November 26, 2018
Grain export inspections didn’t deliver a lot of positive news for wheat, with a tally of less than half of the prior week’s volume for the week ending November 22. Corn and soybeans moved moderately higher week-over-week, meantime, but aren’t turning in numbers to consistently stay ahead of the weekly rate needed to match USDA forecasts.
Wheat export inspections last week only reached 9.3 million bushels, versus 18.7 million bushels the week prior, and falling below the average trade guess, which ranged between 12 million and 22 million bushels. The weekly rate needed to meet USDA forecasts moved higher, to 22.6 million bushels, and cumulative 2018/19 marketing year totals of 370 million bushels lag 18.5% below the pace of 2017/18.
“Export inspections for wheat continue to disappoint, dropping by half in the latest week,” says Farm Futures senior grain market analyst Bryce Knorr. “While USDA forecasts a year-on-year increase of 14%, inspections nearly halfway through the marketing year are down nearly 19%.”
That tempered optimism from recent sales to Egypt that hinted demand might finally be improving, Knorr says. Suspension of shipments from a Russian port due to quality concerns didn’t affect prices or shipments out of the Black Sea, so the U.S. can compete only by lowering prices, he says.
South Korea was the No. 1 destination for U.S. wheat export inspections last week, with 2.8 million bushels. Other significant destinations included Japan (2.2 million), Nigeria (1.3 million) and Mexico (1.0 million).
Soybean export inspections reached 40.6 million bushels last week, staying just ahead of the prior week’s total of 39.6 million bushels and landing on the high end of trade estimates, which ranged between 22 million and 44 million bushels. The weekly rate needed to meet USDA forecasts eased to 34.6 million bushels, but cumulative totals for the 2018/19 marketing year remain 42% lower year-over-year, at 447 million bushels.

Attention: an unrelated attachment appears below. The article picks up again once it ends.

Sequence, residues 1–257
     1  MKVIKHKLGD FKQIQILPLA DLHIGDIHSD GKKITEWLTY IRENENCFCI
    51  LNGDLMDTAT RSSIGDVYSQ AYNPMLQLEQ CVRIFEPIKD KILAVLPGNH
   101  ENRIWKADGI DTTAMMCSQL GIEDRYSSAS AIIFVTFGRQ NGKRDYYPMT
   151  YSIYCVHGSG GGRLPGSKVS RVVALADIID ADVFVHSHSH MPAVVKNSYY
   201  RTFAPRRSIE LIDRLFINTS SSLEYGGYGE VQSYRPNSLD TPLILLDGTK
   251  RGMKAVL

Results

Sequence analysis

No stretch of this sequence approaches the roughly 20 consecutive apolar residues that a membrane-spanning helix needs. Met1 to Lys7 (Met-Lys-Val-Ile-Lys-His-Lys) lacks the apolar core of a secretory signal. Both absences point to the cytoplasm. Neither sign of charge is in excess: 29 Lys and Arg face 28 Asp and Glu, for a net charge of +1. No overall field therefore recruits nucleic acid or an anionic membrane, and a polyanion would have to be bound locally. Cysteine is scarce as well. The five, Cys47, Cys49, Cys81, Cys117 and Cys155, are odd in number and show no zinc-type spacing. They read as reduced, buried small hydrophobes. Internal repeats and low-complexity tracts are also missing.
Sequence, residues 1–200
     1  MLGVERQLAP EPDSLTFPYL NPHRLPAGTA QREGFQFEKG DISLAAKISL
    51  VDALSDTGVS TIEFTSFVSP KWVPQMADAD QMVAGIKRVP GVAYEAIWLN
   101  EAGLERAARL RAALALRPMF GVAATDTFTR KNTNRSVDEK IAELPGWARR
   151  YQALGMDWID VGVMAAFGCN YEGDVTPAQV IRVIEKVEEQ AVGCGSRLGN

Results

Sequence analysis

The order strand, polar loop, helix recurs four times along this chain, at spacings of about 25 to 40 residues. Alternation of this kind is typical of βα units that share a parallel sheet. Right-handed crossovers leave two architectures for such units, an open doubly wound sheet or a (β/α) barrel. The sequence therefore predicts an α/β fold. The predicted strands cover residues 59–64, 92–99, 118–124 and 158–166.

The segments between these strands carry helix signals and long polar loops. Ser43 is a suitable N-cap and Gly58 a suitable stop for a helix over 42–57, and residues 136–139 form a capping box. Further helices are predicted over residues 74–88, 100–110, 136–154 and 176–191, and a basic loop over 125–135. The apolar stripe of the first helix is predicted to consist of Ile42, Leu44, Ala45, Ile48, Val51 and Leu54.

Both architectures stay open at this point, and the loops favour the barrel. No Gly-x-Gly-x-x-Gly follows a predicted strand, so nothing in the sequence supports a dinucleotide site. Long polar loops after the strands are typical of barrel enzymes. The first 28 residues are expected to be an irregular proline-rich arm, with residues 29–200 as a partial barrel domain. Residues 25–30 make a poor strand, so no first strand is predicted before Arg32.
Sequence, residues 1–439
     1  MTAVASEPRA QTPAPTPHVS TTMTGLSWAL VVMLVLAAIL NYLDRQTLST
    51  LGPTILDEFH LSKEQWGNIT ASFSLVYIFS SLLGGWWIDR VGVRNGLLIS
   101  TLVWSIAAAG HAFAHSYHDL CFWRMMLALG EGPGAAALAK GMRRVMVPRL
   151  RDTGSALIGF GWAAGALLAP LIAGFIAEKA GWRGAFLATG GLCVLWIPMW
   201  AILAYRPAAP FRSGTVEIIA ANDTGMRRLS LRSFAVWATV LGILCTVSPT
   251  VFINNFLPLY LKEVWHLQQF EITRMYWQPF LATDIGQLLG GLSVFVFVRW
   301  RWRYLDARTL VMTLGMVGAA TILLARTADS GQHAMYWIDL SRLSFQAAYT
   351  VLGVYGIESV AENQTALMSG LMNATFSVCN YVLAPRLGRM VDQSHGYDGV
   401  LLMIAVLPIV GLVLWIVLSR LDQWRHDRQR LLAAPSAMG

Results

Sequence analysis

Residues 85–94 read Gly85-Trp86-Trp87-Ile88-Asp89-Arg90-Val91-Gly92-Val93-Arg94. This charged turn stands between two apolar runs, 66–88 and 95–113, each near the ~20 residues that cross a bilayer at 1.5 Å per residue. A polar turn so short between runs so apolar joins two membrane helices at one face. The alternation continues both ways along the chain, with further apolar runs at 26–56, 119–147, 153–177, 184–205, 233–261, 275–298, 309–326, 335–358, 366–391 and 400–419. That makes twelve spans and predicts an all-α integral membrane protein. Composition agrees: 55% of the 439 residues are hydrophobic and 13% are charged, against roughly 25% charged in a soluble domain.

“China was again absent from the report, but 23 countries loaded out soybeans, albeit in small amounts,” Knorr says. “Soybean shipments will be spread throughout the marketing year rather than front-loaded, opening shipping capacity for corn. That’s helped firm basis last week as shippers scramble to fill final tows before northern stretches of the Mississippi River close for the season.”
The Netherlands represented the No. 1 destination for U.S. soybean export inspections last week, with 6.6 million bushels. Other top destinations included Pakistan (4.8 million), Argentina (4.4 million), Mexico (4.1 million) and Canada (2.7 million).
Corn export inspections reached 44.0 million bushels last week, coming in moderately ahead of the prior week’s total of 33.3 million bushels and besting the average trade guess, which ranged between 27 million and 43 million bushels. The weekly rate needed to match USDA forecasts still inched higher, reaching a fairly aggressive 46.0 million bushels. Cumulative totals for the 2018/19 marketing year have reached 516 million bushels, which is significantly higher than 2017/18’s pace of 287 million bushels.
Japan led the way for U.S. corn export inspections last week, with 9.9 million bushels. Other top destinations included Mexico (9.4 million), Colombia (7.7 million), South Korea (5.5 million) and Peru (4.2 million).
About the Author(s)
Senior editor, Farm Futures
Senior Editor Ben Potter brings more than 14 years of professional agricultural communications and journalism experience to Farm Futures. He began working in the industry in the highly specific world of southern row crop production. Since that time, he has expanded his knowledge to cover a broad range of topics relevant to agriculture, including agronomy, machinery, technology, business, marketing, politics and weather. He has won several writing awards from the American Agricultural Editors Association, most recently on two features about drones and farmers who operate distilleries as a side business. Ben is a graduate of the University of Missouri School of Journalism.
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